- Dry from top to bottom because the top half of the car is less likely to have dirt remaining after the wash process. It prevents you transferring dust to other sections of the paintwork which can cause scratches.
- Keep checking the towel doesn’t show any signs of dirt or dust. If it does, swap it out for a new one.
If you follow these steps, then you won’t scratch your car when using a microfiber towel.
I’ve written a full guide to using microfiber without causing scratches which will take you through common mistakes, and tips for cleaning your microfiber as well.
Use a Drying Aid
If you really want to take an extra step to make sure the drying process is safe, you can use a drying aid spray, or a quick detailer spray to help lubricate the paintwork and reduce the risk of causing swirl marks.
Spray the detailer or drying aid over the wet car, and then use the towel as described above.
Dry the Car Straight Away
It’s also really important not to let the car sit for long after washing, before you dry it. Dust collects on the vehicle very quickly, especially if you live in a hot climate.
When you use a microfiber towel on a dust car, it can drag these dust particles along the paintwork, causing swirl marks and scratches easily.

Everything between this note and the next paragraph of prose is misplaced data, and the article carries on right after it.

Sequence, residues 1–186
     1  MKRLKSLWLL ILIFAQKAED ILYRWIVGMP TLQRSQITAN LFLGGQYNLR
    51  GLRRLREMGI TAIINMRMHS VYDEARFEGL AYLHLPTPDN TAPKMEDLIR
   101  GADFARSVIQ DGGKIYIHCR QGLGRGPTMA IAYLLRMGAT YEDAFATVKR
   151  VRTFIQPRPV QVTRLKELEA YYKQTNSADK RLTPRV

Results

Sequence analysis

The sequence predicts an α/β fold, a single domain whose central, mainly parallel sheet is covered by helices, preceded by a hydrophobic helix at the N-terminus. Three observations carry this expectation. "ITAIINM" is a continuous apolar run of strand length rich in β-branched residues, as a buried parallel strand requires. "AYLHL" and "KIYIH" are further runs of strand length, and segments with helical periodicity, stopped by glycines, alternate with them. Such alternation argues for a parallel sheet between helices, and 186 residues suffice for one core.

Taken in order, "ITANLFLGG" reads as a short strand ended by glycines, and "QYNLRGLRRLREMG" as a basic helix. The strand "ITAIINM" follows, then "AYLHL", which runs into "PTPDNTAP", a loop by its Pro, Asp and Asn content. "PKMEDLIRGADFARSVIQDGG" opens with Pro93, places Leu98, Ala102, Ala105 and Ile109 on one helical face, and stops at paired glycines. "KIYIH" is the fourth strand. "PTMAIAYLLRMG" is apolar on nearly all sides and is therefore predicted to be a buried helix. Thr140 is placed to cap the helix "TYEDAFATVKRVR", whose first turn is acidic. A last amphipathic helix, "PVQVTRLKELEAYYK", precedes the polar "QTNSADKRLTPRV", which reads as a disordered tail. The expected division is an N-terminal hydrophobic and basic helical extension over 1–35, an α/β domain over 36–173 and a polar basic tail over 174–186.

So make sure you aim to dry your car immediately after you wash it. If you have to wait for whatever reason, rinse the car down again before preceeding.
Here’s a quick summary of the pros and cons of using a microfiber towel to dry your car.
- Cheap option
- Effective on all cars
- Easy method
- Some risk of scratches if used improperly since you are touching the paint
Car Dryers Offer the Safest Option
If you want the absolute safest method of drying your car, which eliminates the risk of causing scratches and swirls almost entirely, then you can use a car dryer.
Car dryers essentially blow pressurised air onto the car, to push the water off the surface without even touching it. This completely removes the risk of causing scratches, because you won’t rub dust into the paintwork.
However, this method is only effective on cars with a very hydrophobic wax, sealant or ceramic coating. If the water doesn’t already bead or sheet off the paintwork, then the dryer won’t actually push much water off the surface.